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A return to financial stability after unemployment takes time

Ever so slowly, the unemployed are getting hired. And if you're one of them, the next task will be to get your finances back on track.

The latest government figures show that the median length of unemployment is 5 1/2 months -- enough time without a paycheck to do a lot of damage. By then, you might have wiped out savings, dipped into retirement accounts or racked up credit card debt. Your credit record could be tarnished if you were late paying bills or defaulted.

Getting back on sound financial footing will take some time -- and a switch in mind-set.

If you've recently been rehired, here are some steps to get finances back in shape:

* New job, new budget: "Put together a budget as quickly as possible," advised Derrick Kinney, a financial adviser in Arlington, Texas. "It's important to make sure your budget fits your salary."

* Replenish emergency fund: Building up a cash cushion worth three to six months' worth of living expenses must be the top priority.

"If they don't build that emergency reserve and something happens with their new job, they will have no fallback position," said Grace Worley, an Indianapolis financial planner.

* Pay off credit cards: If you have card debt to repay, it's best for your wallet to tackle the balance with the highest interest rate first while keeping up with the minimum payments on the others.

But it's more rewarding psychologically for some people to pay off the smallest balances first. That way they wipe out some bills quickly and feel as if they are making progress.

The most important thing is that you continue chipping away at your debt, so choose the method that is most likely to keep you on course, Kinney said.

* Save for retirement: Enroll as soon as possible in your new employer's retirement plan. It might be difficult at first to save the maximum limit while, say, rebuilding an emergency fund, but contribute at least enough to get the employer match.

The past couple of years have been good in the stock market, and those who had been sitting on the sidelines might be tempted to catch up on retirement savings by investing aggressively in equities. But that's risky because stock prices can suddenly plunge. Remember 2008?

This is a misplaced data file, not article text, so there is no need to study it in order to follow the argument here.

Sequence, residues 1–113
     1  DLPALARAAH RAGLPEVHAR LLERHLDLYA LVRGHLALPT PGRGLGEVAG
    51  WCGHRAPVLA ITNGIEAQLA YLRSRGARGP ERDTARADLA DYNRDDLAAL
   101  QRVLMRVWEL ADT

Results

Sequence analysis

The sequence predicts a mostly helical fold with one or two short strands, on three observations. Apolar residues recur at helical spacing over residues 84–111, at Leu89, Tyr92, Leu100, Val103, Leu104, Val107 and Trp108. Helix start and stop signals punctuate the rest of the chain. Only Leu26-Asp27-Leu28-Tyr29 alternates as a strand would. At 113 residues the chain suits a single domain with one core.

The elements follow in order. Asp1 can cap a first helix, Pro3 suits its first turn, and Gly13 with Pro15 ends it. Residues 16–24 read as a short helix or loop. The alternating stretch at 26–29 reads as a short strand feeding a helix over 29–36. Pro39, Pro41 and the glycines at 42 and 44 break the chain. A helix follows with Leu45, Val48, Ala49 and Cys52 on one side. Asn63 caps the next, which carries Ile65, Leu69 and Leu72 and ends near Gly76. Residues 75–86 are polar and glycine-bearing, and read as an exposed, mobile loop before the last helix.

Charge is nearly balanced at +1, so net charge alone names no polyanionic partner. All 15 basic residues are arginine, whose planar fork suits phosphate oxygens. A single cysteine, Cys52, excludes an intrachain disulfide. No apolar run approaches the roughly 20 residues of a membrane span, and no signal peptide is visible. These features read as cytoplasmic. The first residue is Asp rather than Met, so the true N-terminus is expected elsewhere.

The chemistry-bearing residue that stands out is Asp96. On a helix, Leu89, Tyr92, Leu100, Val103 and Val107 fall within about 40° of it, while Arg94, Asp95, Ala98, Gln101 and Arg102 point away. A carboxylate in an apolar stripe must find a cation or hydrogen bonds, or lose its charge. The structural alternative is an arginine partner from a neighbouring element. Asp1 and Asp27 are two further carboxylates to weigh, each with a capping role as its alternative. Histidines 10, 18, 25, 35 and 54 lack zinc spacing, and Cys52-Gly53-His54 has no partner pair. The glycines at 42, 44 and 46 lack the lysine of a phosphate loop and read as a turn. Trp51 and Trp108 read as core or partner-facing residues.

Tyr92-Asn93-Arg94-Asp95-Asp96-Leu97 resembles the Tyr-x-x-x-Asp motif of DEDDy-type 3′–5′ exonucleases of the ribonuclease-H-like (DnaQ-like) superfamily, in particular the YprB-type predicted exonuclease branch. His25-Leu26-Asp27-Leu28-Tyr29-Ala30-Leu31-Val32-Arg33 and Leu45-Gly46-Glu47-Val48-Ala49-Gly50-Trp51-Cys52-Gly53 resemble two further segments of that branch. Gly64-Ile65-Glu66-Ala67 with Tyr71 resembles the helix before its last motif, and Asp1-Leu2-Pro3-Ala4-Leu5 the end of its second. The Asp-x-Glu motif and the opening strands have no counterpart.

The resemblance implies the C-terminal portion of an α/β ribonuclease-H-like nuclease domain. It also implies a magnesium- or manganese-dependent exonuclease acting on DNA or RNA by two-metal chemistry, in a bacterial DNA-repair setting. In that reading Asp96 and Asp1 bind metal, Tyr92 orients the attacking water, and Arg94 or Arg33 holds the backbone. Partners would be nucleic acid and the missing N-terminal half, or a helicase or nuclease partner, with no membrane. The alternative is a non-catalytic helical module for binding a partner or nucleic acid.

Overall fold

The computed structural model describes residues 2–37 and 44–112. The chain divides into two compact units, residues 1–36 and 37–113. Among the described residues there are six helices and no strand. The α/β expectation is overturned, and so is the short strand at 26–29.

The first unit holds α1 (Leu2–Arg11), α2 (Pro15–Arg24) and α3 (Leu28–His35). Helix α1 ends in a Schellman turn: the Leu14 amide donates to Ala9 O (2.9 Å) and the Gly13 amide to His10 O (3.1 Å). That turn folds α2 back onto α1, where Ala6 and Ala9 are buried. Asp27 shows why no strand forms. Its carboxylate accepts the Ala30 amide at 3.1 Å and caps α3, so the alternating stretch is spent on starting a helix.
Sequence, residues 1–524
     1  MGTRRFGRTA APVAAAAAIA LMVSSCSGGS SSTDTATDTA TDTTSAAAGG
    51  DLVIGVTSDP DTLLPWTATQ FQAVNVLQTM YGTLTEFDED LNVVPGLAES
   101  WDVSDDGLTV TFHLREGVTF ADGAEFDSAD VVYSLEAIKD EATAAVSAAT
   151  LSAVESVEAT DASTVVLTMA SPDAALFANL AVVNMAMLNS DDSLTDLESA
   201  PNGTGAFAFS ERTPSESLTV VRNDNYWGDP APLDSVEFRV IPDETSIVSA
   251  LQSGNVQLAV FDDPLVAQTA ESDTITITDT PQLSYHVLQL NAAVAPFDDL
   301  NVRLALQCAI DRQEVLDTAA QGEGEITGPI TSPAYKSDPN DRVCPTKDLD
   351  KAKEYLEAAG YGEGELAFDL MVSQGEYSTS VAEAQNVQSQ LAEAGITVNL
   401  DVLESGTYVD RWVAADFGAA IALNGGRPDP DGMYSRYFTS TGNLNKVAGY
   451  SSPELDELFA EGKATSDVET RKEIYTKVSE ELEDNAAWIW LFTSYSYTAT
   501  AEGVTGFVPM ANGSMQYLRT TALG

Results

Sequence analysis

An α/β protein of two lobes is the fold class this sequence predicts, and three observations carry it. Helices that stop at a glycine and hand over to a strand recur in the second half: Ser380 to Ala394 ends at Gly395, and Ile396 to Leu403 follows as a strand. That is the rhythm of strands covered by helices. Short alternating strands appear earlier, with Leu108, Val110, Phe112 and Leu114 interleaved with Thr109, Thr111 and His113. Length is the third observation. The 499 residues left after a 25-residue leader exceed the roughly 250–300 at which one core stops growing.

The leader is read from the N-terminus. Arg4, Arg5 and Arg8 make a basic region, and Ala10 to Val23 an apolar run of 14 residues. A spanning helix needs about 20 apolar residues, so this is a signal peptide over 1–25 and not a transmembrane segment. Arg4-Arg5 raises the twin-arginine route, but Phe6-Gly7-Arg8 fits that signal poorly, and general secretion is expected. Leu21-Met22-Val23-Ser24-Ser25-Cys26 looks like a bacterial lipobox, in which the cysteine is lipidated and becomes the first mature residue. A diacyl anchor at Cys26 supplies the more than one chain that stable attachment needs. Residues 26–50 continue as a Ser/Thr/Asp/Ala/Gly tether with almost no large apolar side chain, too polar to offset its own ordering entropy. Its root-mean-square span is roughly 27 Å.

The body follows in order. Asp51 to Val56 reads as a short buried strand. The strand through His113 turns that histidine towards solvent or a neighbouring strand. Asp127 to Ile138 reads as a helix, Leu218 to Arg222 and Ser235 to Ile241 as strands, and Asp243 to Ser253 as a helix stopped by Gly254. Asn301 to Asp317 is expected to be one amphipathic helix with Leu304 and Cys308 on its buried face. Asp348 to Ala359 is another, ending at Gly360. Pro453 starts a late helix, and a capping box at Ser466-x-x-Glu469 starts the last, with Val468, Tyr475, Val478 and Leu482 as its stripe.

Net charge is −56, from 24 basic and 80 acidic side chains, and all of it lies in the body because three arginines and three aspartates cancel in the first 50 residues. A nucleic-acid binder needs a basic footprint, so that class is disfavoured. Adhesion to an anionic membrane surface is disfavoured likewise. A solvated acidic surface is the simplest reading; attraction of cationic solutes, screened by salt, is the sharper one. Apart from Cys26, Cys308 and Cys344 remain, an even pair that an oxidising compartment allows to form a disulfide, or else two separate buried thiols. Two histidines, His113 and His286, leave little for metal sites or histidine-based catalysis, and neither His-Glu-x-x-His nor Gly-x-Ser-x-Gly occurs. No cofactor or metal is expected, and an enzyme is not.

A more prudent way to catch up is to save more. If you turned 50 since losing your job, you now are eligible for catch-up contributions to a 401(k) or similar plan, Brown noted. Older workers can put away up to $22,000 a year in a 401(k), or $5,500 more than younger colleagues.

Also, check out online calculators, such as T. Rowe Price's Retirement Income Calculator, to see the impact the job loss had on your future retirement.

* Consider a line of credit: A home equity line of credit allows you to borrow against the equity in your house -- if you still have some.

You need to have a job to qualify for the credit line, Brown said. Now that you're working again, he said, you should establish a line of credit that you can use in emergencies. You can keep the line open for years without using it and will pay interest only when you tap it.

Be aware, since the credit crisis of 2008, the standards for getting a line of credit are more stringent. And, depending on the lender, you might have to pay certain fees. So shop around.

* Pull credit reports: Find out the damage unemployment did to your credit by getting your credit reports from the three major credit bureaus. Get a free copies at annualcreditreport.com or by calling 1-877-322-8228. Correct any inaccuracies.

* Avoid splurging: Resist the temptation to treat yourself to a big purchase now that money is rolling in again.

"Do something smaller but gratifying, as opposed to taking the family on a vacation that they have not had, finally redoing the kitchen or buying that new car," Worley said. "Taking everyone out to a nice dinner, fine."

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